Digital and analogue workflows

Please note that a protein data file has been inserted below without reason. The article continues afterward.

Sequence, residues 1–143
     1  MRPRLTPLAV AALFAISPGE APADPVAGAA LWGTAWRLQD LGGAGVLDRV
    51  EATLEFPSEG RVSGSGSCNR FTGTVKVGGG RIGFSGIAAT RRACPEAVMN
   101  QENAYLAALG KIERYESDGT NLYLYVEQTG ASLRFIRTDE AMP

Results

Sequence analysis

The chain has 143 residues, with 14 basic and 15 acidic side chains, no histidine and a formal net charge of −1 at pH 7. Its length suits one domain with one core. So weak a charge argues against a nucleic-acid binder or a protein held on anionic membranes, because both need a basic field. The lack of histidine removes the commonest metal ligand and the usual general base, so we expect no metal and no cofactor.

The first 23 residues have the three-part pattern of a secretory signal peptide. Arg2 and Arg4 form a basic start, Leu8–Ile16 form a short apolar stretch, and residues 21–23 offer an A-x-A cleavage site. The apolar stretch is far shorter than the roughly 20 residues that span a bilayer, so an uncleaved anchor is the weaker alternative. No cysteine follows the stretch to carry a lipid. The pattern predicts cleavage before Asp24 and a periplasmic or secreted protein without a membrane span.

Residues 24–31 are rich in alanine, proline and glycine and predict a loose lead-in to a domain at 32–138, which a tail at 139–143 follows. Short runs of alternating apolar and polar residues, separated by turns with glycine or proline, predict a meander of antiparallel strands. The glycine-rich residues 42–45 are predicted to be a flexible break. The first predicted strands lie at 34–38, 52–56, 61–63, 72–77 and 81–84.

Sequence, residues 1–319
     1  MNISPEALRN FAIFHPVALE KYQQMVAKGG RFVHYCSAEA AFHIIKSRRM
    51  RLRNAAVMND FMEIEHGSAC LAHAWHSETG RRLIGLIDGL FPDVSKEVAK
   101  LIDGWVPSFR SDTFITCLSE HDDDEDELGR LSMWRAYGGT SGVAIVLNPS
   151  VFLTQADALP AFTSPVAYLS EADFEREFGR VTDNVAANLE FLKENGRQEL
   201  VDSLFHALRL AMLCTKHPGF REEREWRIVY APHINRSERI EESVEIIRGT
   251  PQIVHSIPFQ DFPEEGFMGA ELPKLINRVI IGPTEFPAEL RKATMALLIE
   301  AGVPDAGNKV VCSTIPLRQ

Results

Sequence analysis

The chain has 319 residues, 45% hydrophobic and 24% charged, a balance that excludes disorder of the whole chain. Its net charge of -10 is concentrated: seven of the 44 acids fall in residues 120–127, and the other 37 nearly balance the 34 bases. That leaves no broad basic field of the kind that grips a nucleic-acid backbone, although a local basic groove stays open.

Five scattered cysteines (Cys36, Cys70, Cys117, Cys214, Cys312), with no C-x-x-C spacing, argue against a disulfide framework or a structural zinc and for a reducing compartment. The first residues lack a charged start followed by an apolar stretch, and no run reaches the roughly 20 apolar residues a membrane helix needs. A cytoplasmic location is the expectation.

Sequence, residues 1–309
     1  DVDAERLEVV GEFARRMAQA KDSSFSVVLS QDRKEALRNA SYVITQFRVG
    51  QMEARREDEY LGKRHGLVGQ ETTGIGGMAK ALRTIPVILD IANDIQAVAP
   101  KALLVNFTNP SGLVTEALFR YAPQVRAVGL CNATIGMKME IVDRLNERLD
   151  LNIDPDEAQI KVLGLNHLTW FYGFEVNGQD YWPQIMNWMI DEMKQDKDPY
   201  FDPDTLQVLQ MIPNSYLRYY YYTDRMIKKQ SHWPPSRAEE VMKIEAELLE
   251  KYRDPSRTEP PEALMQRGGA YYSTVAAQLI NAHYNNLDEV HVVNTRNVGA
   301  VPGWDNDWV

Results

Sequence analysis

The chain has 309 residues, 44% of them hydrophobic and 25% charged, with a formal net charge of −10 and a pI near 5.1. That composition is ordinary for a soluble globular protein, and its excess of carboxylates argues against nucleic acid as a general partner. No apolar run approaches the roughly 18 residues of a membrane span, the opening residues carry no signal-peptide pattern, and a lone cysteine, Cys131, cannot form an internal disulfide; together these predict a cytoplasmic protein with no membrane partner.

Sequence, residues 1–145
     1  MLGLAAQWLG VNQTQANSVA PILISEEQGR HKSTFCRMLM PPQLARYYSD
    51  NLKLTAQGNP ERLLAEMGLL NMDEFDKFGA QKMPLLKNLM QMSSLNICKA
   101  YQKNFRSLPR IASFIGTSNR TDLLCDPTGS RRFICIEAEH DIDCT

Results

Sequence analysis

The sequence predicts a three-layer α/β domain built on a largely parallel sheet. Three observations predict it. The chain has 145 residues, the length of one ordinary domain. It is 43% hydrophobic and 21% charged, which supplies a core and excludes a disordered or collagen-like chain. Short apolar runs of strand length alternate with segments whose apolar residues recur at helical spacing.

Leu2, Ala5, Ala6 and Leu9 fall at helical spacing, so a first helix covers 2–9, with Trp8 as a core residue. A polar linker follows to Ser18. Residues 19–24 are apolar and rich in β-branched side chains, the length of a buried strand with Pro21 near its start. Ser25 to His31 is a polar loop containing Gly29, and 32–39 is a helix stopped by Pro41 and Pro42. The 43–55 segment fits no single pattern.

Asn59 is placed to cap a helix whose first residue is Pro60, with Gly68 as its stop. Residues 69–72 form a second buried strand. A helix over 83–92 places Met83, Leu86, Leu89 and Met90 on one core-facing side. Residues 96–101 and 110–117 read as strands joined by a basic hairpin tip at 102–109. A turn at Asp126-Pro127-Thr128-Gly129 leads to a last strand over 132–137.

Creative computing, that’s the term I like to use when I’m working with pixels on a screen. I particularly like using Adobe Illustrator, an industry standard software package. Illustrator is an extremely powerful tool, it allows artists to create and manipulate artworks digitally using vectors. Vectors are computer-made images made up of points, lines, and curves. The picture above shows a series of artboards generated in Illustrator, they are the digital equivalent of pages in a sketchbook. It’s relatively easy to copy and paste items across boards and this can help you to develop ideas and create work quickly. In the above exercise, I began by placing a digitised version of a painting called Twilight on a board. I then carefully traced out the different shapes using a tool called the Pen tool. Once I had created my vector shapes I manipulate them. The subsequent boards show my experimentations, applying different strokes, fills and colours to the shapes. It’s relatively easy to move, resize, rotate and colour these elements and this gives you total flexibility, especially when working with layout and composition. Switching between an analogue and digital workflow is really beneficial to me as an artist, the creative possibilities seem almost endless. It can also be lots and lots of fun!